- Ferro JM,Canhão P, StamJ, Bousser MG, Barinagarrementeria F, et al. (2004) Prognosis of cerebral vein and dural sinus thrombosis: results of the International Study on Cerebral Vein and Dural Sinus Thrombosis (ISCVT). Stroke 35: 664–670. [Crossref]
- Dentali F, Poli D, Scoditti U, Di Minno MN, De Stefano V, et al. (2012) Long-term outcomes of patients with cerebral vein thrombosis: a multicenter study. J Thromb Haemost 10: 1297–1302. [Crossref]
- Coutinho JM (2015) Cerebral venous thrombosis. J Thromb Haemost 13: S238–S244. [Crossref]
- Couturier MA, Huguet F, Chevallier P, Suarez F4, Thomas X, et al. (2015) Cerebral venous thrombosis in adult patients with acute lymphoblastic leukemia or lymphoblastic lymphoma during induction chemotherapy with l-asparaginase: The GRAALL experience. Am J Hematol 90: 986–991. [Crossref]
- Zuurbier SM, Lauw MN, Coutinho JM, Majoie CB, van der Holt B, et al. (2015) Clinical course of cerebral venous thrombosis in adult acute lymphoblastic leuke- mia. J Stroke Cerebrovasc Dis 24: 1679–1684. [Crossref]
- Dentali F, Ageno W, Rumi E, Casetti I, Poli D et al. (2014) Cerebral venous thrombosis and myeloproliferative neoplasms: results from two large databases. Thromb Res 134: 41–43. [Crossref]
- Vidailhet M, Piette JC, Wechsler B, Bousser MG, Brunet P (1990) Cerebral venous thrombosis in systemic lupus erythematosus. Stroke 21: 1226–1231. [Crossref]
- Wang L, Chen H, Zhang Y, Liu W, Zheng W, et al. (2015) Clinical characteristics of cerebral venous sinus thrombosis in patients with systemic lupus eryth- ematosus: a single-centre experience in China. J Immunol Res [Crossref]
- Wysokinska EM, Wysokinski WE, Brown RD, Karnicki K, Gosk-Beirska I, et al. (2008) Thrombophilia differences in cerebral venous sinus and lower extremity deep venous thrombosis. Neurology 70: 627–633. [Crossref]
- Narayan D, Kaul S, Ravishankar K, Suryaprabha T, Bandaru VC, et al. (2012) Risk factors, clinical profile, and long-term outcome of 428 patients of cerebral sinus venous thrombosis: insights from Nizam’s Institute Venous Stroke Registry, Hyderabad (India). Neurol India 60: 154–159. [Crossref]
- Christopher R, Nagaraja D, Dixit NS, Narayanan CP (1999) Anticardioli- pin antibodies: a study in cerebral venous thrombosis. Acta Neurol Scand 99: 121–124.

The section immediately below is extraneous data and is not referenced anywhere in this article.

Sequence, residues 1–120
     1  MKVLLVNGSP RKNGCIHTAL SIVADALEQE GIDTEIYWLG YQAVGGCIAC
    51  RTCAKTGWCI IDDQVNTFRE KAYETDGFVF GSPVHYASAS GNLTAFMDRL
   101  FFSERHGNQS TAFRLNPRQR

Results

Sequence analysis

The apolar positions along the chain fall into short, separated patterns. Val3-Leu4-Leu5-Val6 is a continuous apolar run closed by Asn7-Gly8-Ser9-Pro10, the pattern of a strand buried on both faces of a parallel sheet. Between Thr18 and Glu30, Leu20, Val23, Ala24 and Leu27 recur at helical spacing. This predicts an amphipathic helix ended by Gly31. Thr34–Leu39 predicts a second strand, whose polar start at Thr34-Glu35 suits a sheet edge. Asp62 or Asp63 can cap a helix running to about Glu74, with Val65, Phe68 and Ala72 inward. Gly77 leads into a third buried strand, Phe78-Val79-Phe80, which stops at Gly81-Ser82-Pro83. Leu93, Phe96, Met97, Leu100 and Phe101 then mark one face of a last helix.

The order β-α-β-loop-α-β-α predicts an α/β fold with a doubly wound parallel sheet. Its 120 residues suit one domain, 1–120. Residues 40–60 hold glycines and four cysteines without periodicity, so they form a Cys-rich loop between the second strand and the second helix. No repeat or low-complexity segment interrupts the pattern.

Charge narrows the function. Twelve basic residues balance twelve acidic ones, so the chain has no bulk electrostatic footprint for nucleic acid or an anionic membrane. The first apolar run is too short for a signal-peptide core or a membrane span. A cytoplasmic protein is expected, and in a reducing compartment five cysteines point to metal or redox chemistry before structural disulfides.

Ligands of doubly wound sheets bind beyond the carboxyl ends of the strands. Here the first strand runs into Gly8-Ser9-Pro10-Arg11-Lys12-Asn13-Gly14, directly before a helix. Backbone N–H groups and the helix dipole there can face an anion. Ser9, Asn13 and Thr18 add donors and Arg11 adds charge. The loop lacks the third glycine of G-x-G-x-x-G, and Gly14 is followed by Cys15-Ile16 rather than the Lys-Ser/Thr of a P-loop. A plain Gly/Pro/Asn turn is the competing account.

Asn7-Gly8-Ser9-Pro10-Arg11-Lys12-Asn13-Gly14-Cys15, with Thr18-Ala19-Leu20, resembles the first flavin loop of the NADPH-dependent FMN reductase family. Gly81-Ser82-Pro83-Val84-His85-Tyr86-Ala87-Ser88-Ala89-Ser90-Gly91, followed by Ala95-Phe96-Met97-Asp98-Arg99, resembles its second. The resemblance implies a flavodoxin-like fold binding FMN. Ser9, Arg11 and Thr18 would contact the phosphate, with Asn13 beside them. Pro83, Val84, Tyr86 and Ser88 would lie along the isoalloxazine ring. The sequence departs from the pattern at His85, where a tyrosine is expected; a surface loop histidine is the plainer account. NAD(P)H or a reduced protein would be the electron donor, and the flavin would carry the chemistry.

- de Bruijn SF, Stam J, Koopman MM, Vandenbroucke JP (1998) The Cerebral Venous Sinus Thrombosis Study Group. Case-control study of risk of cerebral sinus thrombosis in oral contraceptive users and in [correction of who are] carriers of hereditary prothrombotic conditions. BMJ 316: 589–592.
- Martinelli I, Sacchi E, Landi G, Taioli E, Duca F, et al. (1998) High risk of cerebral-vein thrombosis in carriers of a prothrombin- gene mutation and in users of oral contraceptives. N Engl J Med 338: 1793–1797. [Crossref]
- Cantú C, Barinagarrementeria F (1993) Cerebral venous thrombosis associated with pregnancy and puerperium. Review of 67 cases. Stroke 24: 1880–1884. [Crossref]
- deVeber G1, Andrew M, Adams C, Bjornson B, Booth F, et al. (2001) Canadian Pediatric Ische- mic Stroke Study Group. Cerebral sinovenous thrombosis in children. N Engl J Med 345: 417–423. [Crossref]
- Kosinski CM, Mull M, Schwarz M, Koch B, Biniek R, et al. (2004) Do normal D-dimer levels reliably exclude cerebral sinus thrombosis? Stroke 35: 2820–2825. [Crossref]
- Canhão P, Ferro JM, Lindgren AG, Bousser MG, Stam J, et al. (2005) Causes and predictors of death in cerebral venous thrombosis. Stroke 36: 1720–1725. [Crossref]
- Dentali F, Gianni M, Crowther MA, Ageno W (2006) Natural history of cerebral vein thrombosis: a systematic review. Blood 108: 1129–1134. [Crossref]
- US National Library of Medicine (2017) gov https://clinicaltrials.gov/ct2/show/NCT02913326.